But it was the August incursion into the home of Olivia Bertalan that really troubled the neighborhood, particularly Zimmerman. On Aug. 3, Bertalan was at home with her infant son while her husband, Michael, was at work. She watched from a downstairs window, she said, as two black men repeatedly rang her doorbell and then entered through a sliding door at the back of the house. She ran upstairs, locked herself inside the boy's bedroom, and called a police dispatcher.
Police arrived just as the burglars — who had been trying to disconnect the couple's television — fled. Shellie Zimmerman saw a black male teen running through her backyard and reported it to police. After the police left Bertalan, George Zimmerman arrived at the front door in a shirt and tie, she said. He gave her his contact numbers on an index card and invited her to visit his wife if she ever felt unsafe. "He was so mellow and calm, very helpful, and very, very sweet," she said. "People were freaked out. It wasn't just George calling police...we were calling police at least once a week."
In September, a group of neighbors including Zimmerman approached the homeowners association with their concerns, she said. Zimmerman was asked to head up a new neighborhood watch. He agreed.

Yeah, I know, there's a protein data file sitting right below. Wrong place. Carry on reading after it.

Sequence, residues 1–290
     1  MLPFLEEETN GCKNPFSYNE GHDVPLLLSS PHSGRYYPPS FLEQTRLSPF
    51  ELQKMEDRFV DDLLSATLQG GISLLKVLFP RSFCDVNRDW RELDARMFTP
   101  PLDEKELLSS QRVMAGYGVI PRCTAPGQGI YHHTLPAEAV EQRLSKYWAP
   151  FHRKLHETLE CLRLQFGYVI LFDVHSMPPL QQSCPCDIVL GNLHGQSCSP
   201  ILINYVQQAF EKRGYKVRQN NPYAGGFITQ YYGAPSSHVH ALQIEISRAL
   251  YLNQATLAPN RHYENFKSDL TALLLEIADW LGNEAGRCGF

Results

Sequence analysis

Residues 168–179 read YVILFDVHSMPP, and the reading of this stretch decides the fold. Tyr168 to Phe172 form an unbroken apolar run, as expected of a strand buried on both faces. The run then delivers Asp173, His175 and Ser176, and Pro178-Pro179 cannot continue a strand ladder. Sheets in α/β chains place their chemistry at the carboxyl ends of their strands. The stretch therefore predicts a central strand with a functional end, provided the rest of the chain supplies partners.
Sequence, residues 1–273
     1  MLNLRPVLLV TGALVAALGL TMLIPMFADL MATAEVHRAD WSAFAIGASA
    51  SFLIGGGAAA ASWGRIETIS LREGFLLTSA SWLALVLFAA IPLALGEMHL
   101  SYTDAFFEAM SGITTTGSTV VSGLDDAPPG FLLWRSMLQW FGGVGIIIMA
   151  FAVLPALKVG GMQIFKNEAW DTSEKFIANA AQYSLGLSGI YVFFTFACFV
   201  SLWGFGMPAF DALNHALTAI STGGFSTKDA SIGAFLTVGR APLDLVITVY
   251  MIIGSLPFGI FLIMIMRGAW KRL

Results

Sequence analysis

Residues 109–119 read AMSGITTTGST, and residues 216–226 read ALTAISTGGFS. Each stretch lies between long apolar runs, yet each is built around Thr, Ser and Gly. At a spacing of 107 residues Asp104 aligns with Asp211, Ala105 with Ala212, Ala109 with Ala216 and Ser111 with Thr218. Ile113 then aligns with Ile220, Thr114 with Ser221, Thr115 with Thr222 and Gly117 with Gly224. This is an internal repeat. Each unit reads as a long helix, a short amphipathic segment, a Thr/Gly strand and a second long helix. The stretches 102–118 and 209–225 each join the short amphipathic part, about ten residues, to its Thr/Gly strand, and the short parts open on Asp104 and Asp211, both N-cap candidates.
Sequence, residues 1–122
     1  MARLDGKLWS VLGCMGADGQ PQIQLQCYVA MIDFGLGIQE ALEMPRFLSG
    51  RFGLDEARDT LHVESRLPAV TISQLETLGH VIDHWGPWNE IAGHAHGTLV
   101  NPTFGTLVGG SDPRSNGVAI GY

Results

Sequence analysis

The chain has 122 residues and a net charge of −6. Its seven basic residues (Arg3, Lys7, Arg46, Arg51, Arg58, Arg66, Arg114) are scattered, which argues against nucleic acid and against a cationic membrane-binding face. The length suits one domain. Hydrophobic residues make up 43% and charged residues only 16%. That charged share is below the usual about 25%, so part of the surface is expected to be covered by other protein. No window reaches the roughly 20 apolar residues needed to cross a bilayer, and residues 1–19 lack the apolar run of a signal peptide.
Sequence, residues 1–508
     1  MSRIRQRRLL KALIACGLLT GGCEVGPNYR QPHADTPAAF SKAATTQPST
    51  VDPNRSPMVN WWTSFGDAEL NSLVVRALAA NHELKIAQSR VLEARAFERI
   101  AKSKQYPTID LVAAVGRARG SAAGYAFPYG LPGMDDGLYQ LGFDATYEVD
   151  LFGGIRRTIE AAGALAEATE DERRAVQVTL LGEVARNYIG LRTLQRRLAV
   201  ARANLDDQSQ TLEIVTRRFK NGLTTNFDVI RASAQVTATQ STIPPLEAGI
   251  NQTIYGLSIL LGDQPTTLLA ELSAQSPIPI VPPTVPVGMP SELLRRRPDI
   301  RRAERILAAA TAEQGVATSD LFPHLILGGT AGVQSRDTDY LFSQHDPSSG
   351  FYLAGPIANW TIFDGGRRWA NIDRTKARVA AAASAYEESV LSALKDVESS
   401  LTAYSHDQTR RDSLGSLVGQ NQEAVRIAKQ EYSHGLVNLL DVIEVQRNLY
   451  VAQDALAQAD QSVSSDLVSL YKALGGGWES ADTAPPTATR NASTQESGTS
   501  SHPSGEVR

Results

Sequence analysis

POLICE HAD ADVISED Bertalan to get a dog. She and her husband decided to move out instead, and left two days before the shooting. Zimmerman took the advice. "He'd already had a mutt that he walked around the neighborhood every night — man, he loved that dog — but after that home invasion he also got a rottweiler," said Jorge Rodriguez, a friend and neighbor of the Zimmermans.
Less than two weeks later, another Twin Lakes home was burglarized, police reports show. Two weeks after that, a home under construction was vandalized. The Retreat at Twin Lakes e-newsletter for February 2012 noted: "The Sanford PD has announced an increased patrol within our neighborhood...during peak crime hours. If you've been a victim of a crime in the community, after calling police, please contact our captain, George Zimmerman."